The China is a country of continental proportions and therefore it is impossible to know it in just one trip. Fortunately, a few cities are able to concentrate much of their Chinese culture, gastronomic variety, and yet harmonize their history with their modern face. Most of these cities, which house some of the country’s top sights, are in the eastern half of their territory. And with the right planning, you can visit them all. Likewise, with proper planning, you can visit tomorrow land festival. If you are interested then kindly read this article.
Beijing boasts temples, palaces and other grand structures of millennial architecture that impress even the most listless of tourists, but the Chinese capital has much more to offer. It is wrong to think that because it has so much history, it has stopped in time – quite the opposite. The capital’s more than 20 million inhabitants are proud to live in a city that preserves its history while also looking to the future, always attentive to the arts or technology.
A thousand kilometers southwest of Beijing lies the city of Xi’an. One day, it was an important stop on the famous Silk Road, and therefore home to intellectuals, monks, and people from every corner and style. Even though all this glory is over by the 10th century, much of its centuries-old architecture remains there to tell the story amid ever-growing, modern buildings. Must-see points include the Terracotta Army. Just like the Tomorrow land 2019 which you cannot miss.
Shanghai, one of the most vibrant cities in southeastern China, is certainly a delight for architecture lovers. Stunning neo-futuristic skyscrapers share space with 19th-century shaken architecture streets or flowery boulevards influenced by art deco from France in the 20th century. It also boasts one of the country’s top gastronomic scenes and is an ideal destination for who wants to taste true Chinese cuisine.
Hangzhou is very popular with Chinese who want to relax by the lake. Not far from Shanghai, the city has a very different atmosphere from its neighbor. Walking along the bank and by boat across the West Lake is certainly a must-see attraction, especially because of the bucolic, classically Chinese landscapes that surround it.
Still, in the southeast of the country, you will find Suzhou, a city that, like many of the Chinese places, was once a place for artists and foreigners. Today, despite the sheer amount of modern buildings, it still concentrates a lot of century-old architecture, but it is really famous for its canal- filled regions, which look a bit like a Chinese Venice and its incredible traditional gardens, which, blending architecture, painting, calligraphy, and gardening, delight anyone.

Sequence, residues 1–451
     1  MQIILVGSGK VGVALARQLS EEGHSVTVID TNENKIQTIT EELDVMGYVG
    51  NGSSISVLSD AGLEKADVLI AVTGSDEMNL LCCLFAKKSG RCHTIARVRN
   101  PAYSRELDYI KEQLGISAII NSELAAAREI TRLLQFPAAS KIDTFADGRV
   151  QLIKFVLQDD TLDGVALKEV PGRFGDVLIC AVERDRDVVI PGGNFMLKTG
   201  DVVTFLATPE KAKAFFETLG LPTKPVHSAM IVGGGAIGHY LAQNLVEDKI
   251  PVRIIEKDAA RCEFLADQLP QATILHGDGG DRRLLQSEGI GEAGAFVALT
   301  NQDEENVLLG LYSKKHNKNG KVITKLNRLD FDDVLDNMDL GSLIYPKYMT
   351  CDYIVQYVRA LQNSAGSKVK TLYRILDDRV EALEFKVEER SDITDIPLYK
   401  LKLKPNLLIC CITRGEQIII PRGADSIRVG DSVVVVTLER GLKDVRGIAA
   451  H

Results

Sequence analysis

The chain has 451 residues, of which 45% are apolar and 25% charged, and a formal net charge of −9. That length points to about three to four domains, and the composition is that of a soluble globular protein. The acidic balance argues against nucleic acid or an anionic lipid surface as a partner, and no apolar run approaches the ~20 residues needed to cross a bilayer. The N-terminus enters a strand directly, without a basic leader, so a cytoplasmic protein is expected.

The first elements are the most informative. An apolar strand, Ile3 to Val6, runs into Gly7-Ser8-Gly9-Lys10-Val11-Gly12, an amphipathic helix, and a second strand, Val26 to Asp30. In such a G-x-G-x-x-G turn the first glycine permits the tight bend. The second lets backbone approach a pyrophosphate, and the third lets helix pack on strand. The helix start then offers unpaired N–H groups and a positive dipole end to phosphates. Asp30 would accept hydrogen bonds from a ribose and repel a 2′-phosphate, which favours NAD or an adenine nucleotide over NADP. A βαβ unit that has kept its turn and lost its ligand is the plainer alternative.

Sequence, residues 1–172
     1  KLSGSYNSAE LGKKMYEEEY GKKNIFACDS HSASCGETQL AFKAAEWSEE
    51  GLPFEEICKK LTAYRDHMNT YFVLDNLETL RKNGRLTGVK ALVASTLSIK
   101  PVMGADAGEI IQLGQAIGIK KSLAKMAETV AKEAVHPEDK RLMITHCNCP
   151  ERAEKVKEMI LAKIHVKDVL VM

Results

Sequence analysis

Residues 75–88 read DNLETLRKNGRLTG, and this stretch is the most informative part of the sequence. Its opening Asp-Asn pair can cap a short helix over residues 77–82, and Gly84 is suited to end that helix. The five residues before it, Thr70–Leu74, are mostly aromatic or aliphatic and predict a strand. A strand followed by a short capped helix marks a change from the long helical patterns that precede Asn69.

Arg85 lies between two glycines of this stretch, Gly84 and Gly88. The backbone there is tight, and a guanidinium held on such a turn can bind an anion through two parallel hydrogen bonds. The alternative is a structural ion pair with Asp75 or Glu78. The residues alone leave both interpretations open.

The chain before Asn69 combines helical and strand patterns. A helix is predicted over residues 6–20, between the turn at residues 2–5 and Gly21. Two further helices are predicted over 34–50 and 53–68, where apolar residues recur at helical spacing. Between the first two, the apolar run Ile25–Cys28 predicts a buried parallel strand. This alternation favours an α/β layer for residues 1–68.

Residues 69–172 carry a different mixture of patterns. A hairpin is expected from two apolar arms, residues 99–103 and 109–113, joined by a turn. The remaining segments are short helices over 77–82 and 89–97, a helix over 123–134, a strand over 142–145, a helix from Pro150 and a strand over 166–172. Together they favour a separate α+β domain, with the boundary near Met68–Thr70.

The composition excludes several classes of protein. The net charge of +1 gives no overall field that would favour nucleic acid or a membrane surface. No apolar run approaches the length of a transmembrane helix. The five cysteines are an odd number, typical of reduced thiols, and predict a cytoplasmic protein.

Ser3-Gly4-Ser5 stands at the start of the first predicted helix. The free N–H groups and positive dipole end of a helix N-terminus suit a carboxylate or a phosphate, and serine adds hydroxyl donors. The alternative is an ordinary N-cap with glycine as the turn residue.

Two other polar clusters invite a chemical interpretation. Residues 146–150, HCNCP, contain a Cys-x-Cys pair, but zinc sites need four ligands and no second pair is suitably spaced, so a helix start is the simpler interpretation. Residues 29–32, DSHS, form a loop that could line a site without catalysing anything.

Located in southern China, Hong Kong is a special administrative region with some independence from the rest of the country. In fact, it is not difficult to notice how the region is more open to western trends. So much so that English is an official language. The city has some records, such as the city with the highest number of skyscrapers in the world – more than 300.
The city of Zhangjiajie itself is no big deal. What attracts tourists there is the fascinating Wulingyuan region, a green area with more than 3,000 stone towers and pillars that stand out among trees and waterfalls – no wonder it’s also known as Stone Forest. It’s hard to confuse it with an Avatar landscape. The region is considered by UNESCO one of the 48 listed World Heritage Sites in China.
Further west is Chengdu, the ideal place to visit if you want to meet the famous and friendly pandas. And despite these friendly residents, great museums, intense nightlife, temples and monasteries and a large population of expatriates and students, what really draws tourists to this great Chinese city is its cuisine, often considered the best of all the China.
Although far from the other destinations on the list – but closer to India – the capital of Tibet could not miss. Lhasa is a must-see destination for those interested in Buddhism, as it has been the center of Tibetan philosophy for more than a millennium. Amid quiet, monk-filled streets and spectacular temples, you will find a China quite different from the one closest to the sea.